Threatened by the Truth? Create a Diversion

“Who cares about the virus, economic collapse and unrest? President Trump has said he wants  Senator Lindsey Graham to  investigate the investigation into Russian election interference, and Graham complied. With party-line votes, he circumvented decades-old rules to give himself unilateral power to issue subpoenas to Trump’s favorite villains: John Brennan, James Clapper, James Comey, Andrew McCabe, Nellie and Bruce Ohr, Lisa Page and Peter Strzok, John Podesta, Susan Rice and more. Graham made perfectly clear his motive: vengeance. ‘Comey and McCabe and that whole crowd — their day is coming,’ he vowed at the hearing Thursday. He declared Robert Mueller ‘off script’ and he proposed alternatives for Russia-probe investigators: Either people ‘need to be fired, they need to be disciplined,’ or ‘they are good candidates to go to jail.’”  Dana Milbank, The Washington Post, June 12

No More Pretzels

“The Chasm Between the president and pretty much everyone else in Washington is growing, as Donald Trump seems more alone and isolated with his thoughts, and detached from the overall political conversation in the Capitol, and the rest of America… Gone are the days when lawmakers twisted themselves in pretzels to defend the president. Now they just move on, as if he hardly exists at all.”  PoliticalPlaybook, June 9

No Unity with Trump

“The more America is united the better it can strive to ensure all its citizens are able to live by its founding ideals. Unity will not come from Mr. Trump, who has spent four years trying to divide the country. Instead, leaders of protest movements, along with America’s mayors and police chiefs, must inspire it themselves.” The Economist, June 6-12

The Last Confederate President

‘It should have happened 155 years ago, when Robert E. Lee surrendered to Ulysses S. Grant at Appomattox but maybe — just maybe — the Civil War is finally coming to an end. And perhaps Donald Trump, not Jefferson Davis, will go down in history as the last president of the Confederacy.” Eugene Robinson, Washington Post, June 12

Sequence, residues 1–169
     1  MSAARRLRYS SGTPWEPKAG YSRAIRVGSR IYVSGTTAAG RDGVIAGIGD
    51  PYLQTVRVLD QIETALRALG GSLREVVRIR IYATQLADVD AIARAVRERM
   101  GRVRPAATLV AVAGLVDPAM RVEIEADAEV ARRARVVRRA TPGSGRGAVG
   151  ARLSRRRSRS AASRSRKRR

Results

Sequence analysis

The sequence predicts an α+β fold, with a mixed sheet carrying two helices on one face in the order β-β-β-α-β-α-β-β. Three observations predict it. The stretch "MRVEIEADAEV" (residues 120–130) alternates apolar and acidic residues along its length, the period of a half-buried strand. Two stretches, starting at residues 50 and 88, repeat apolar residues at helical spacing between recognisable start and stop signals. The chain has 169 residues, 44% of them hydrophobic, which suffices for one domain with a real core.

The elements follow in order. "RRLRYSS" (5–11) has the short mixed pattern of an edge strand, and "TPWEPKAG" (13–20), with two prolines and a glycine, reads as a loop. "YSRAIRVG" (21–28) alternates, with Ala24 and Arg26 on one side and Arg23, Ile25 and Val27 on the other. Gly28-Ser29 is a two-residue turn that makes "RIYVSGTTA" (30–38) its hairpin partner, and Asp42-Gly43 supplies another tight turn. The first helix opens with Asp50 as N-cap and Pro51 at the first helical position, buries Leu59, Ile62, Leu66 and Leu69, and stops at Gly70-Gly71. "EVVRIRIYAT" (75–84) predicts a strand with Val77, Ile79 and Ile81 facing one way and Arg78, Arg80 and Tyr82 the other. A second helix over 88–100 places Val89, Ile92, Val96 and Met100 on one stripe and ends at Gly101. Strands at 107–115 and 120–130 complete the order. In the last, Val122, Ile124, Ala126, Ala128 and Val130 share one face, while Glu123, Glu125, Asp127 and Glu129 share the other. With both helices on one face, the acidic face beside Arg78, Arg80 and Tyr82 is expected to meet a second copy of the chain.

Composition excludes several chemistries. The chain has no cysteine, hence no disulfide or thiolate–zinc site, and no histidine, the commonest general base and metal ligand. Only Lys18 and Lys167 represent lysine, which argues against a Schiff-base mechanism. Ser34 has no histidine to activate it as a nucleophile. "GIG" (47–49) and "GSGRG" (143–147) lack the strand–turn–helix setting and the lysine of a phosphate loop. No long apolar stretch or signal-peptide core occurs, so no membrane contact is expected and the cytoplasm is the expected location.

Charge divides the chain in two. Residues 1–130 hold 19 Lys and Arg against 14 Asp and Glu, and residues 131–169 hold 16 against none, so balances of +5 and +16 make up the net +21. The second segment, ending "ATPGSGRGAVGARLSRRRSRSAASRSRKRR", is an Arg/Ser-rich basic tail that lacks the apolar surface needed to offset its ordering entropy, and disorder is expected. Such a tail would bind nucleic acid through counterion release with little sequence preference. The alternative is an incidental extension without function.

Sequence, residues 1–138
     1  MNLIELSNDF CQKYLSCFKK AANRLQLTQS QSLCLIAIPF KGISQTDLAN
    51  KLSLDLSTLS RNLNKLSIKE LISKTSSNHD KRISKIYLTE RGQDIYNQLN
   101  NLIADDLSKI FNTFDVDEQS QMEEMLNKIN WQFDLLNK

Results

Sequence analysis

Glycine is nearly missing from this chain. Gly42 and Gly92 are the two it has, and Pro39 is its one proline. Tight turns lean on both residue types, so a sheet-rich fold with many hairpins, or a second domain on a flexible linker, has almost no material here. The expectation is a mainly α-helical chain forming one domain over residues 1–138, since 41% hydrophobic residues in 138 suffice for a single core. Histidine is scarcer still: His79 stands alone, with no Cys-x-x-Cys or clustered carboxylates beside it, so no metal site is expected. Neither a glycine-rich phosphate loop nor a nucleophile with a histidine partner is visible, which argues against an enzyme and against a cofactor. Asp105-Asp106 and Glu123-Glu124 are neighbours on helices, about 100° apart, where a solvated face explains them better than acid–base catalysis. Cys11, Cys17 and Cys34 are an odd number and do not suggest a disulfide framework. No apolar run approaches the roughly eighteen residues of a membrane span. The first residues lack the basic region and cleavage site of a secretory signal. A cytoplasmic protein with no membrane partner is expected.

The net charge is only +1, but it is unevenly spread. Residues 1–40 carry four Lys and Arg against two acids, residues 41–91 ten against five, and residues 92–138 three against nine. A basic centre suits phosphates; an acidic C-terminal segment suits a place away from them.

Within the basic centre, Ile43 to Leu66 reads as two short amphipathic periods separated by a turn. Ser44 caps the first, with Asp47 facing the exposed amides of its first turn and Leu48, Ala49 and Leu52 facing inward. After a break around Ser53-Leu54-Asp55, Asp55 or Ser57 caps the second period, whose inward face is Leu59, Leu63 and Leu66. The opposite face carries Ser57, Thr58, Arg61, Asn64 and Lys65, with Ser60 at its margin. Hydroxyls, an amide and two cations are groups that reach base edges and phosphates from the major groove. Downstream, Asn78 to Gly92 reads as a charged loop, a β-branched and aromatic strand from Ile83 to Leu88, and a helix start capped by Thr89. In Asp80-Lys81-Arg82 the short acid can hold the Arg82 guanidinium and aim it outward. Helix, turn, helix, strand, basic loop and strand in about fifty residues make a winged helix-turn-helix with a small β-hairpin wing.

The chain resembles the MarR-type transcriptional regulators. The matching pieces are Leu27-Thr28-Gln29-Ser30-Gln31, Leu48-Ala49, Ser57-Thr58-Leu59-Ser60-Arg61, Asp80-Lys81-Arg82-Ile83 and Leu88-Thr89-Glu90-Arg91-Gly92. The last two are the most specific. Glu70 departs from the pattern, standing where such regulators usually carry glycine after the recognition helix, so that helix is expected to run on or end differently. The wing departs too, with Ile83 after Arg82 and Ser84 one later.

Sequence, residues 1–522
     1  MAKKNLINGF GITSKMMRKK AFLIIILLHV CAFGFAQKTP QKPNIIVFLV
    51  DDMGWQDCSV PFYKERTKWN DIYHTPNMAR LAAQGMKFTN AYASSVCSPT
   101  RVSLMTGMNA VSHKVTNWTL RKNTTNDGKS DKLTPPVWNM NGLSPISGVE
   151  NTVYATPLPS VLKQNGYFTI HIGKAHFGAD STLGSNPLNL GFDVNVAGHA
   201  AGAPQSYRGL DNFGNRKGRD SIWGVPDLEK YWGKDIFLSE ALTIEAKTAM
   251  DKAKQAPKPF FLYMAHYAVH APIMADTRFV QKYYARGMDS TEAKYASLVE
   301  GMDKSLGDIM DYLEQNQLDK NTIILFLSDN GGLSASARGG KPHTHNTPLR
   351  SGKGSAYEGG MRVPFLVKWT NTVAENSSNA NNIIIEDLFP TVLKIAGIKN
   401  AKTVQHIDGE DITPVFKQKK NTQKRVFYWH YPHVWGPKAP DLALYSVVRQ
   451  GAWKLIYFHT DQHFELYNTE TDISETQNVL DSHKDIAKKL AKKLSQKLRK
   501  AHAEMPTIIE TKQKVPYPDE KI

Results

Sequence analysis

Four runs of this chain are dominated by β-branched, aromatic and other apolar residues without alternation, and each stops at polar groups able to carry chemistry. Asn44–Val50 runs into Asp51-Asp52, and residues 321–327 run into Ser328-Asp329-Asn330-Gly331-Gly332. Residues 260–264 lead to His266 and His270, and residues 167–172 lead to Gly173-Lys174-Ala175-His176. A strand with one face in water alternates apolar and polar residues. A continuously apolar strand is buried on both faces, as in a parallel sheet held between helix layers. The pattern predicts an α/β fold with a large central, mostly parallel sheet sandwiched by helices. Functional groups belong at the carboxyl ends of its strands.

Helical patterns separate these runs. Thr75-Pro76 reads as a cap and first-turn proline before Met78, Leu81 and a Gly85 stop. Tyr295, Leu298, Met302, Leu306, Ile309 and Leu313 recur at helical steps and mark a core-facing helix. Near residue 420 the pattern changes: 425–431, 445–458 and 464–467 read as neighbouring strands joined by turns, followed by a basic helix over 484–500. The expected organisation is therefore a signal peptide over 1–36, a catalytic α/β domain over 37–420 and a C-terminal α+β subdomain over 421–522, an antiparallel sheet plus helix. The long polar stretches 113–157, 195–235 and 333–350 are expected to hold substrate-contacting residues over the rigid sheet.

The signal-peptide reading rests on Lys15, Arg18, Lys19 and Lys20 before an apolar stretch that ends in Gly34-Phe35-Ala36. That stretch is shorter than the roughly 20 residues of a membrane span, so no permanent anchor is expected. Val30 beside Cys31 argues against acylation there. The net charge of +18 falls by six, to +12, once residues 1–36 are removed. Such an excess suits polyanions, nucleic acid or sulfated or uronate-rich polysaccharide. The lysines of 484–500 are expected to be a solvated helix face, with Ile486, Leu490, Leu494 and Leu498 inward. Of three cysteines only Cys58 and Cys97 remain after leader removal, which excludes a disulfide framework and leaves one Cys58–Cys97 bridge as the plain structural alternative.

I Am a Miracle Man

The president at a roundtable in Dallas: “In Minneapolis, they went through three nights of hell. And then I was insistent on having the National Guard go in and do their work. It was like a miracle. It just — everything stopped. And I’ll never forget the scene. It’s not supposed to be a beautiful scene, but, to me, it was — after you watch policemen running out of a police precinct.” Politico, June 12

America Becomes a Hypocrite

“June 4th marked the anniversary of the Tiananmen massacre in 1989. Mike Pompeo, America’s secretary of state, undeterred by the irony that America now appeared far more likely than China to deploy armored vehicles against peaceful protesters in its national capital, observed the date bymeeting veterans of China’s democracy movement. Hu Xijin, editor of Global Times, a tub-thumping party-controlled tabloid clearly enjoyed drawing attention to these coincidences. On Twitter, he called on Mr. Pompeo to ‘stand with the angry people of Minneapolis, just like you did with people of Hong Kong.’ Meanwhile, Iran’s leaders have been milking America’s predicament for all it is worth. ‘A cop kneeling on a black man’s neck and letting him choke to death…is the nature of the American government. They have done the same to such countries as Iraq, Afghanistan and Syria,’ said Ayatollah Khamenei, the country’s supreme leader.”  The Economist Today, June 9